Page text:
The first thing I discovered was that Wallace and Hobbs stick strictly to SI units — this was a real stroke of luck, since I hadn't even considered the possible horrors of a text using Imperial units. Atmospheric Science begins with a general overview of the atmosphere. It then plunges into thermodynamics, covering adiabatic and pseudo-adiabatic atmospheric processes. A lighter chapter looks at mid-latitude synoptic-scale disturbances, also explaining how to read weather charts.
Chapter four covers cloud microphysics — aerosols and droplet formation in warm and cold clouds — and chapter five clouds and storms on a larger scale — thunderstorms, hurricanes, and cyclonic storms, along with a section on cloud-seeding experiments. Chapter six covers the physics of radiative transfer and chapter seven the global energy balance of the atmosphere. The final two chapters consider atmospheric dynamics and the general circulation: Coriolis forces, geostrophic winds, the continuity equation, thermally driven circulation, baroclinic disturbances, the kinetic energy cycle, ... .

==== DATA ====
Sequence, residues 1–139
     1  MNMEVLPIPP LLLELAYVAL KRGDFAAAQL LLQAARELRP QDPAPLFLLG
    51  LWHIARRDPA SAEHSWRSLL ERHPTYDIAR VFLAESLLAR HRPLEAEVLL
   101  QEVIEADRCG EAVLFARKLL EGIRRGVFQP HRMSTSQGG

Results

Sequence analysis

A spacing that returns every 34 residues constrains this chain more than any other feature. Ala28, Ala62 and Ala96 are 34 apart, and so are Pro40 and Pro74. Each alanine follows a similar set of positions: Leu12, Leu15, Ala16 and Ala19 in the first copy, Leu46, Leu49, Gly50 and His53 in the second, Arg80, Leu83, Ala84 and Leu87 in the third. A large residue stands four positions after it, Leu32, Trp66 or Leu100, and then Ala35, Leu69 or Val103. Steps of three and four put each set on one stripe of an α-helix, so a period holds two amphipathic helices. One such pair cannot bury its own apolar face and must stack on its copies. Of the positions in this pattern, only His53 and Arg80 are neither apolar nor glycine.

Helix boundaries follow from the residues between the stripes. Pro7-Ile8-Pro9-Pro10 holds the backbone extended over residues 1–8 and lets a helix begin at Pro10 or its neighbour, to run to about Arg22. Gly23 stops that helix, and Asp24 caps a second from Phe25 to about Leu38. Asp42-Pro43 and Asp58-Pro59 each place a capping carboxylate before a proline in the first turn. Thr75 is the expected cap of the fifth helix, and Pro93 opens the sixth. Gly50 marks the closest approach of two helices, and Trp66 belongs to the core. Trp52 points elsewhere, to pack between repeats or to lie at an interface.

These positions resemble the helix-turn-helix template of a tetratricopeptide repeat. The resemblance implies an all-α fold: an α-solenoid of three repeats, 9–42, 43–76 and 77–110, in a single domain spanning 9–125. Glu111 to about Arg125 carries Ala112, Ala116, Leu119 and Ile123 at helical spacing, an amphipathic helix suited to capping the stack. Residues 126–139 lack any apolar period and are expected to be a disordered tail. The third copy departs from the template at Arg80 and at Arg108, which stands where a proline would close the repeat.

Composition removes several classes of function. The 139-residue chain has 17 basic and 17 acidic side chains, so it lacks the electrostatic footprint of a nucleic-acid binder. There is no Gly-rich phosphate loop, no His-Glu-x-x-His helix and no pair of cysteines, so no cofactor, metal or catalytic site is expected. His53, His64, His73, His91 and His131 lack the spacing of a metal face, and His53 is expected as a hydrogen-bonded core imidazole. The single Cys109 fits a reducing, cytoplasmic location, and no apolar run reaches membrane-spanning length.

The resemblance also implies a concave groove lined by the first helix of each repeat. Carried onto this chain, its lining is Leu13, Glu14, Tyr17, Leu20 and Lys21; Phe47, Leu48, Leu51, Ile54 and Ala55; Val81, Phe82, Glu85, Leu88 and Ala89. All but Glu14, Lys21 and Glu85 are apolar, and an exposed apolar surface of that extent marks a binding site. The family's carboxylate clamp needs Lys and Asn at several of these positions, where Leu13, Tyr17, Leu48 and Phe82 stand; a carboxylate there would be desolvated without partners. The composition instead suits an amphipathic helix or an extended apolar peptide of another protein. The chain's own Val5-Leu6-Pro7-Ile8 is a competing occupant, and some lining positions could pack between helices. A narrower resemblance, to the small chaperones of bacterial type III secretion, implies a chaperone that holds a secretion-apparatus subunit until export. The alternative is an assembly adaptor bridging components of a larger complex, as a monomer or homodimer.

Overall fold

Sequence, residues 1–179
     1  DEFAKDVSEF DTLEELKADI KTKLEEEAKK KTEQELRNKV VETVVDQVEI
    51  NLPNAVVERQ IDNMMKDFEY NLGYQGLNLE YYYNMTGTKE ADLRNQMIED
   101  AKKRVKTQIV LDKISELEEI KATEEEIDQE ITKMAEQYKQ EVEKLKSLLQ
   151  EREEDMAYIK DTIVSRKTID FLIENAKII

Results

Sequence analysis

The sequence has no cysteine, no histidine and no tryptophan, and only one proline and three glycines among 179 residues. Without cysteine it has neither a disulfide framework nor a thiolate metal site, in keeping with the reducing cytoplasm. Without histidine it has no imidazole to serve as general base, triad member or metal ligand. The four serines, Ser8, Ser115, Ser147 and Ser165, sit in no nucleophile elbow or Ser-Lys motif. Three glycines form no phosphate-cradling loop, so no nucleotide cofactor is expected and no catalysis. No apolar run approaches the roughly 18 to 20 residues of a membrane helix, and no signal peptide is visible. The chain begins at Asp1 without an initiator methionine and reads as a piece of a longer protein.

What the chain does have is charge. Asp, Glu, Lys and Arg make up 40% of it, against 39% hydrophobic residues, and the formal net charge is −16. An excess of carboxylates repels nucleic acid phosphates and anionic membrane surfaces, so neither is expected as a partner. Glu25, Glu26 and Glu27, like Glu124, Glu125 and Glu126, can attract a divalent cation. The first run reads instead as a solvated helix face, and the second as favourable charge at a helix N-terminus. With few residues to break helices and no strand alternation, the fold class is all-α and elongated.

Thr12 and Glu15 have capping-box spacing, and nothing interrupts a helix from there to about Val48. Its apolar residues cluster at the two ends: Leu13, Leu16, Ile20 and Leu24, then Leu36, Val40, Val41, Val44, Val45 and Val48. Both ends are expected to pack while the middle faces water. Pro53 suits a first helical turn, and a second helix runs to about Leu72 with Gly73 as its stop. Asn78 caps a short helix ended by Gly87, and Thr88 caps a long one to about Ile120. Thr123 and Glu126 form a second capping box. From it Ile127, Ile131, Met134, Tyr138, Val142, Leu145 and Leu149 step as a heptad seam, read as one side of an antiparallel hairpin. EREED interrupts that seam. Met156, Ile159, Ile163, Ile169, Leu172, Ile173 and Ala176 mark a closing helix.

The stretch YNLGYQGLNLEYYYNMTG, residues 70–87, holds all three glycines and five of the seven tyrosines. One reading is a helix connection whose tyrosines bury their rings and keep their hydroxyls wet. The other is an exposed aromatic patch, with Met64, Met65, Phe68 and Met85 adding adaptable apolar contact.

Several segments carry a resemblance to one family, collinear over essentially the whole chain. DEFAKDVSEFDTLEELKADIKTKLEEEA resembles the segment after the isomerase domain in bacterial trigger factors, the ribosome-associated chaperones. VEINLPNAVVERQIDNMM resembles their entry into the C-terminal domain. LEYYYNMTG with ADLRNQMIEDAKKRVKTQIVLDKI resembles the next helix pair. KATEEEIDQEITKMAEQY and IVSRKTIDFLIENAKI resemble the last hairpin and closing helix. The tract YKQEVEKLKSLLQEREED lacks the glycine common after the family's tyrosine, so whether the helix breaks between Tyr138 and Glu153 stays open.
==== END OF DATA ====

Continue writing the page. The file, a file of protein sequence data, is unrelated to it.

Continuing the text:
Each chapter contains a set of exercises, which include brief probes of qualitative understanding, quantitative problems (for which numerical answers are provided), and some mathematical proofs and derivations. Atmospheric Science assumes, at a minimum, solid school physics and mathematics. Some sections require more — notably some thermodynamics and vector calculus — but these are marked and "can be omitted in an undergraduate survey course". The volume does show some signs of its age: the absence of material on modelling (and of any computational problems) is particularly noticeable.
If you are only going to read one book on meteorology, Atmospheric Science probably isn't what you want. But if, as I was, you are after a book that will provide the foundations for further reading, and if you have the necessary physics background, then I think it makes an excellent starting point.
Note: there is a new (2006) edition of this work.